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Perhaps it is time for all colleges and universities to have a minister of loneliness as a full-time position on their campuses. I’ll say more about this position below, but first, some background.

Students are lonely

Gen Z (ages 18–22 years) individuals are especially prone to feelings of loneliness. These feelings of loneliness function as an alarm bell signaling that one’s fundamental need for social connections and belonging is not adequately being met. Loneliness in the context of college was pervasive and of great concern even before the pandemic. According to a 2019 study (Psychology Today, 2019), 30 percent of undergraduates reported feeling “very lonely” in the past two weeks, and 67 percent reported feeling “very lonely” in the past year. Loneliness among college students is associated with lower social adjustment to college, lower perceived social support, and lower feelings of campus belonging. Incoming college students face a major social transition and may be vulnerable to feeling lonely. As students enter college, they begin to form new routines, new habits, and new relationships that can have powerful recursive effects over time. As students enter college, they are a mere three months removed from high school and possibly only a day removed from the home and community that they are familiar with—and have been for the greater part of their lives. They will be leaving an environment where they knew a great many people, several whom they considered friends. Many were active members of their community and high school. Some were members of athletic teams, debate, clubs, and volunteer groups, et cetera. Some degree of anxiety is to be expected. But this does not make it any easier to cope with.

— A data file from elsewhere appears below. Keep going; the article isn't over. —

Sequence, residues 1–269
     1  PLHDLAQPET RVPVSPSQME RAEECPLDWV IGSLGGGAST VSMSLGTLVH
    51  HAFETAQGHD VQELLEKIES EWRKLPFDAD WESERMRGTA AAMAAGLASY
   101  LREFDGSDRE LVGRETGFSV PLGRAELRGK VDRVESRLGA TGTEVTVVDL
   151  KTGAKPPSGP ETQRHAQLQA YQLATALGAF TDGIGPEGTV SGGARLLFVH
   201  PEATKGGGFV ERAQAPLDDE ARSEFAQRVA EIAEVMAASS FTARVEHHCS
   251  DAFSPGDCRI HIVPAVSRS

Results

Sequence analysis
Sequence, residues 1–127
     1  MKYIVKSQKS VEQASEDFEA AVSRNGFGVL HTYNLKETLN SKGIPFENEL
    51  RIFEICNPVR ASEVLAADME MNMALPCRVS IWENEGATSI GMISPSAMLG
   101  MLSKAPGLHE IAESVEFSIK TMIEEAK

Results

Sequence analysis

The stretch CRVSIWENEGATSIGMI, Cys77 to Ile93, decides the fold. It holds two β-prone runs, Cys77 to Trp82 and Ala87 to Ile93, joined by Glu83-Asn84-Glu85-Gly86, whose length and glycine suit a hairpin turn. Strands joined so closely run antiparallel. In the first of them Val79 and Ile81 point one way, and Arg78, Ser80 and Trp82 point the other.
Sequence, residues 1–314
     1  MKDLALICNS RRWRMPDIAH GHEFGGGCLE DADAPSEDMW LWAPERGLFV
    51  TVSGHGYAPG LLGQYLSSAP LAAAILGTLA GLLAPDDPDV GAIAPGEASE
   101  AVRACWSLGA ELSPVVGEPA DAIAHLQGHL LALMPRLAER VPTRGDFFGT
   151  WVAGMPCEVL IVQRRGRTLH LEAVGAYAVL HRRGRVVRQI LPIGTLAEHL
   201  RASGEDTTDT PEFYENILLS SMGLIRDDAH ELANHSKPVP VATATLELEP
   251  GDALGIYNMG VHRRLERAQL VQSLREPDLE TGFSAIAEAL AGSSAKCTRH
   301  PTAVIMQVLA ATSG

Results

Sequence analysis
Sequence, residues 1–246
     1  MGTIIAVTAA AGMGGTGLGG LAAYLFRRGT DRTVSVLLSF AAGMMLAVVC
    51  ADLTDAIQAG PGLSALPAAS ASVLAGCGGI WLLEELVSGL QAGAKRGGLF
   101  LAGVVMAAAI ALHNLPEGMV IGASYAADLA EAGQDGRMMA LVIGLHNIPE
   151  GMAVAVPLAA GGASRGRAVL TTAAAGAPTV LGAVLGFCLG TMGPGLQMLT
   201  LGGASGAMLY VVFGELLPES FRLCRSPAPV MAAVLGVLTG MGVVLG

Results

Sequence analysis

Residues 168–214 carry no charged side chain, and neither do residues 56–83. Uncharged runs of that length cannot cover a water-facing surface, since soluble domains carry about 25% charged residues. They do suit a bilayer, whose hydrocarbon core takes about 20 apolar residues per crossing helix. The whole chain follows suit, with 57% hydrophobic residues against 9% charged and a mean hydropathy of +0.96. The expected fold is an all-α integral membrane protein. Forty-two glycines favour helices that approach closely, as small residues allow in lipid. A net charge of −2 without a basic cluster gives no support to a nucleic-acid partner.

Academicians should be aware that colleges are often equipped with resources and services that can address the issue of loneliness for their students, staff, and faculty. These services—such as group sessions, individual counseling, and a plethora of additional options—typically are available at many colleges and universities for students and employees in the college community.

What about the faculty?

A famous line in Roy Orbison’s 1960 hit declares, “Only the lonely know the way I feel tonight.” It appears that Orbison was right all those years ago as a surprising number of college faculty and administrators today understand precisely how he felt. The sudden and unanticipated pivot from in-person to remote teaching that began in early 2020 with the spread of COVID-19 presented many challenges to faculty who enjoyed their daily interactions with both students and their colleagues. This abrupt unforeseen lifestyle change affected the quality of people’s work as well as their general satisfaction with life.

Universities were created to be places where people learn and educate together.